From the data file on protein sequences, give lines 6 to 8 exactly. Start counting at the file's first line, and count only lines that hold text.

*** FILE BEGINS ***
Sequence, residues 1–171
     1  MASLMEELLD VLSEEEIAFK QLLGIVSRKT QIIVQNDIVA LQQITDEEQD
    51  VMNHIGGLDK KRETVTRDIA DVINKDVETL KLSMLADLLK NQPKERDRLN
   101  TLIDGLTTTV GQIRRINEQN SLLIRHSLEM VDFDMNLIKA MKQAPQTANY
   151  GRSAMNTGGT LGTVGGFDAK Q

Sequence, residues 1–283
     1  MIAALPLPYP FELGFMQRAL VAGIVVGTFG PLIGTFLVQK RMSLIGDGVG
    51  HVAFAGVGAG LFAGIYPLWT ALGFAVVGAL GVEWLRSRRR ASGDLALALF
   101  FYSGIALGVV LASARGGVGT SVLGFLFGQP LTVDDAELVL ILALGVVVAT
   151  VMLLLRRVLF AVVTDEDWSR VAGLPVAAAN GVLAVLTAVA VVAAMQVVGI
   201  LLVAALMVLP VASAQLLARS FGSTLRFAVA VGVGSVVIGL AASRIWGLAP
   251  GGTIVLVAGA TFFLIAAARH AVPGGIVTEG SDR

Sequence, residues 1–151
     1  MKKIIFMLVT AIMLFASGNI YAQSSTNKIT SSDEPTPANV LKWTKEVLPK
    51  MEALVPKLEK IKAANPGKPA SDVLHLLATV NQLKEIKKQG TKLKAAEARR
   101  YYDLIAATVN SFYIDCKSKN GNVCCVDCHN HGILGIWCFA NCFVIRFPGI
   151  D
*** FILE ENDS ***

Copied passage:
Sequence, residues 1–283
     1  MIAALPLPYP FELGFMQRAL VAGIVVGTFG PLIGTFLVQK RMSLIGDGVG
    51  HVAFAGVGAG LFAGIYPLWT ALGFAVVGAL GVEWLRSRRR ASGDLALALF